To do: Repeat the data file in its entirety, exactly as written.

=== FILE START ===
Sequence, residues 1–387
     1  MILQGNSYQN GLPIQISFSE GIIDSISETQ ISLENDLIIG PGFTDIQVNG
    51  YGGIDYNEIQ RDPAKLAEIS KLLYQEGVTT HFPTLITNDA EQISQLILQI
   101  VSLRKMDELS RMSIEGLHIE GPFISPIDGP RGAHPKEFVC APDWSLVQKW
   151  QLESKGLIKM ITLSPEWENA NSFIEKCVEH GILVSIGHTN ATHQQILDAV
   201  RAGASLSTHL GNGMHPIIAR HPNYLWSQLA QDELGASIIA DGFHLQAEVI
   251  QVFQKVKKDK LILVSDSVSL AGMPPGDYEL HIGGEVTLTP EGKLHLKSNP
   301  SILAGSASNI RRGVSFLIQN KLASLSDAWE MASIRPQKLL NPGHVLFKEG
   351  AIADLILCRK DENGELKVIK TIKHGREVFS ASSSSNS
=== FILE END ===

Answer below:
Sequence, residues 1–387
     1  MILQGNSYQN GLPIQISFSE GIIDSISETQ ISLENDLIIG PGFTDIQVNG
    51  YGGIDYNEIQ RDPAKLAEIS KLLYQEGVTT HFPTLITNDA EQISQLILQI
   101  VSLRKMDELS RMSIEGLHIE GPFISPIDGP RGAHPKEFVC APDWSLVQKW
   151  QLESKGLIKM ITLSPEWENA NSFIEKCVEH GILVSIGHTN ATHQQILDAV
   201  RAGASLSTHL GNGMHPIIAR HPNYLWSQLA QDELGASIIA DGFHLQAEVI
   251  QVFQKVKKDK LILVSDSVSL AGMPPGDYEL HIGGEVTLTP EGKLHLKSNP
   301  SILAGSASNI RRGVSFLIQN KLASLSDAWE MASIRPQKLL NPGHVLFKEG
   351  AIADLILCRK DENGELKVIK TIKHGREVFS ASSSSNS